Rose does more than tell readers of the role that business leaders had in driving the expansion of preschools for poor and middle-class children over the past half-century. In describing and analyzing the history of preschools since the mid-1960s until the present, historian Rose presents recurring policy dilemmas–re-read above quotes for divergent policy choices–and extracts a number of lessons that can inform current policy decisions. There are a few lessons that she lists that I would like to elaborate in this post.

* Inflated claims of what preschools can do for all three- and four-year-olds  are seldom achieved.

Just as hype surrounds the newest technological innovation for schools to buy and deploy, similar exaggerations accompany expanding preschool. Listen to a state superintendent of education touting preschools:

“It’s like finding out there’s an effective polio vaccine. Once you have seen the … evidence of what preschool can do for children, it becomes almost obscene not to call for universal preschool (Rose, p. 226). Or the governor of Oregon saying that expanding Head Start would be “the most significant–and most effective–anti-drug, anti-crime, and pro-education strategy” for the nation (Rose, p. 225). That providing preschool can solve larger social problems as poverty, crime, and drugs is like saying that doing exercises regularly when you are three- and four-years old will mean you will be physically fit for the rest of your life.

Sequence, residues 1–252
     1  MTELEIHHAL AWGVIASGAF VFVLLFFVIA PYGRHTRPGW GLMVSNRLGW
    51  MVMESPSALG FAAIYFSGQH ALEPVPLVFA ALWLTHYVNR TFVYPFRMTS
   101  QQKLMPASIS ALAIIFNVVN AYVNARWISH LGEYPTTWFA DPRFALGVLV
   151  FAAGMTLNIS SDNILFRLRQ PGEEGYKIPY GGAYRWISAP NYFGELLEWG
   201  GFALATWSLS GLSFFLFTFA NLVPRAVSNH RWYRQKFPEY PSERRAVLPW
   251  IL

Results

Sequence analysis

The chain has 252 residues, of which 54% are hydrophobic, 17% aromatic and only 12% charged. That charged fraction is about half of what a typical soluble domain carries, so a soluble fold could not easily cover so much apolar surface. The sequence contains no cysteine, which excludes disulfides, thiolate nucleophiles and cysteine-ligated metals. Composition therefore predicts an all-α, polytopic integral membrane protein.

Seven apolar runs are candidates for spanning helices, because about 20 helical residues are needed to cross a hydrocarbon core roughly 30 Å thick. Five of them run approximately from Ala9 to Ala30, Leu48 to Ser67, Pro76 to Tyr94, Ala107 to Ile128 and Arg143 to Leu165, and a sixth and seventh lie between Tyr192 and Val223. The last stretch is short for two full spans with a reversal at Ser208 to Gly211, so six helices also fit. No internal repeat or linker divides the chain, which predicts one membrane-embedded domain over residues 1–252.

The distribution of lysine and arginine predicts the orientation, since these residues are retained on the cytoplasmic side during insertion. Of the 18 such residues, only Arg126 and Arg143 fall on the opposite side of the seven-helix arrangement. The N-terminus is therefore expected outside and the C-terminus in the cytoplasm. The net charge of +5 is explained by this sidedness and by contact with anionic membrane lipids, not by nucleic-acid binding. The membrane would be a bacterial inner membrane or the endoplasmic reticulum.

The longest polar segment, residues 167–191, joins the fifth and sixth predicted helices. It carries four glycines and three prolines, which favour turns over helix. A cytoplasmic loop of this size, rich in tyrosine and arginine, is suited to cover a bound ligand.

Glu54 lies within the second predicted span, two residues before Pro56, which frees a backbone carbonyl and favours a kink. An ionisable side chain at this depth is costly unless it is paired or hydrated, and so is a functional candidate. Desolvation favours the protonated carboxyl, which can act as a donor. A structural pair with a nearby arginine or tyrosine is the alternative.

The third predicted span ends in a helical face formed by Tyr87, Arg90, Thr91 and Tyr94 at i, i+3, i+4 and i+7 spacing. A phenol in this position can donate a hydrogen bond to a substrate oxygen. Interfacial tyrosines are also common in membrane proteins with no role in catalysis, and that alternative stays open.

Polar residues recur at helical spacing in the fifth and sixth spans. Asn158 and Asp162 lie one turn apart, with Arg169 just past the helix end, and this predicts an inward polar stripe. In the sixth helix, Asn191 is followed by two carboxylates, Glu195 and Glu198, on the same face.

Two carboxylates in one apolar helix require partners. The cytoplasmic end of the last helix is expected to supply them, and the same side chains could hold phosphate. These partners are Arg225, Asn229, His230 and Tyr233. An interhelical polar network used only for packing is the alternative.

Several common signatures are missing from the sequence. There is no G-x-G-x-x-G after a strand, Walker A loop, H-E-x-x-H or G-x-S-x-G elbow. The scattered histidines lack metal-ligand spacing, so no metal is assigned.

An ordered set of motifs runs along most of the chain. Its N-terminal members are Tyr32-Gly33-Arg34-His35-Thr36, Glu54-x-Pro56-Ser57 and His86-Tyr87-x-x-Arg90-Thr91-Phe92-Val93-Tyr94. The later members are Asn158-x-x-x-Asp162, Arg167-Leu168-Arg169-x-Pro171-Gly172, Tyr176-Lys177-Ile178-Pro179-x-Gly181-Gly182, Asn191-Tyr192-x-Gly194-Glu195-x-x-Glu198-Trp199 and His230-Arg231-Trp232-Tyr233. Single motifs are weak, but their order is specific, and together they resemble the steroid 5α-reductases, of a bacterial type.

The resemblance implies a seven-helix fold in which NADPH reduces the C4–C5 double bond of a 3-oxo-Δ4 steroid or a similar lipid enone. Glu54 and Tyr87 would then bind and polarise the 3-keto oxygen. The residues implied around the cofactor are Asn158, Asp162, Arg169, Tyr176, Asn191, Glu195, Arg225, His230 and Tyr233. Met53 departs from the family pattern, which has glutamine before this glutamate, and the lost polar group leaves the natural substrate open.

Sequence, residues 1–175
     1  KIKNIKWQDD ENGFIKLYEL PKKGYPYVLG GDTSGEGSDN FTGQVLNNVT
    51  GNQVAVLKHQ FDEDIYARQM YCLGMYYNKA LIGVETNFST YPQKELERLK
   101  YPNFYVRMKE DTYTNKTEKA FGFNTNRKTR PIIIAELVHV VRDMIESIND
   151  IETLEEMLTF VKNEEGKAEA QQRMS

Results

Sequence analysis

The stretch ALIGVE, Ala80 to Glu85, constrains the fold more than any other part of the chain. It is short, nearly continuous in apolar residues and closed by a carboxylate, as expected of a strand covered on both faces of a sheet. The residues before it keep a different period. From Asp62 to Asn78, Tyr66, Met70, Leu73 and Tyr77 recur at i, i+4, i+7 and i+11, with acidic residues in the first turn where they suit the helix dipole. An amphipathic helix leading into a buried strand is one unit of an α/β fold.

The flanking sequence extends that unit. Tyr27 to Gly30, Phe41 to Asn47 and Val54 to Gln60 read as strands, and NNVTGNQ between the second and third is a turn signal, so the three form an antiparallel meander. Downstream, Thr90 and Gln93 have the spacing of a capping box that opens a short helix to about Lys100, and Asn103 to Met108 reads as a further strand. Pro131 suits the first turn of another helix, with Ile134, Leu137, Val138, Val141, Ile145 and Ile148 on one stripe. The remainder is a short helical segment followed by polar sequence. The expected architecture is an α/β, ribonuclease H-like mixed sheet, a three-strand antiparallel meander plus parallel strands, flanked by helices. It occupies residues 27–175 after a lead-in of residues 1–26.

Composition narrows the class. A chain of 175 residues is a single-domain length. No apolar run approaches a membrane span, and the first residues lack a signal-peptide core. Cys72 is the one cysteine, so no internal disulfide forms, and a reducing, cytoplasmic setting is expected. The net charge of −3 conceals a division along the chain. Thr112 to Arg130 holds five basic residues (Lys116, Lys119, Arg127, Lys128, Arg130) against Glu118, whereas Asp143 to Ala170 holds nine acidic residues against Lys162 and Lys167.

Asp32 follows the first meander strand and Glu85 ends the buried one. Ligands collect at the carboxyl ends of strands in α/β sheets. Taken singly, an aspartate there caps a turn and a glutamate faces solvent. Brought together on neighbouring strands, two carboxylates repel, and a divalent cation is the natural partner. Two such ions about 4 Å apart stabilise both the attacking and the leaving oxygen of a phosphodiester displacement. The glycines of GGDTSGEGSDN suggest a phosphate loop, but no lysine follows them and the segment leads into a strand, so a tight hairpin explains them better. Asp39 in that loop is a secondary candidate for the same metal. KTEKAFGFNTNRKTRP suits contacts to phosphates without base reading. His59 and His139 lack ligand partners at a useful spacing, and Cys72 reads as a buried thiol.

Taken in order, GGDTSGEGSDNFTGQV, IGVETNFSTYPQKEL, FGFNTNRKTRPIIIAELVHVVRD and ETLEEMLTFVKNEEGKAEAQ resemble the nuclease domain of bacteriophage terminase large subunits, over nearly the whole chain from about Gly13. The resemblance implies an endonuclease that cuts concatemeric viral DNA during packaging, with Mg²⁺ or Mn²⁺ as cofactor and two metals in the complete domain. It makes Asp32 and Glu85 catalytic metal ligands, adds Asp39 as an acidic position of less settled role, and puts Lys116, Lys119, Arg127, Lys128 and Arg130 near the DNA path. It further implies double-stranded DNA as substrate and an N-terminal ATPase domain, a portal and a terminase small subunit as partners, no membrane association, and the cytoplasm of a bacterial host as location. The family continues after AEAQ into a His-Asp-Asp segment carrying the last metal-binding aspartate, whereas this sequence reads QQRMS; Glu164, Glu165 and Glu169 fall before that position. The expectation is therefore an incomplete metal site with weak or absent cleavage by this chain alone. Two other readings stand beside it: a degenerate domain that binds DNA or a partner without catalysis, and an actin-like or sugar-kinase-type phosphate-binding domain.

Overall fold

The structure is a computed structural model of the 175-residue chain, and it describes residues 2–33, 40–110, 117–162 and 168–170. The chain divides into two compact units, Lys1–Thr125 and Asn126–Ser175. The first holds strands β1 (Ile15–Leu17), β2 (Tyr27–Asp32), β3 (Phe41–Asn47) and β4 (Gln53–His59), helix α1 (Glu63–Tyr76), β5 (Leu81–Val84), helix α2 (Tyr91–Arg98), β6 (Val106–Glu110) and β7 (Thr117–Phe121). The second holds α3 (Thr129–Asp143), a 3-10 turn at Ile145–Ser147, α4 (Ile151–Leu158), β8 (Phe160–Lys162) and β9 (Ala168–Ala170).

Life doesn’t work that way.  Preschools do not innoculate young children for the rest of their lives from pursuing bad habits, making poor choices, and avoiding mistakes.

Hyping preschools (or new technologies) may help mobilize initial political support but, historically, has led to unrealistic expectations for what can be achieved resulting in  disappointment and splintered coalitions.

*Historically, framing preschool as education rather than child care has succeeded  politically.  Yet divorcing one from the other is a policy error because U.S. families need both high-quality child care provided by private and community care-givers  and high-quality public schooling.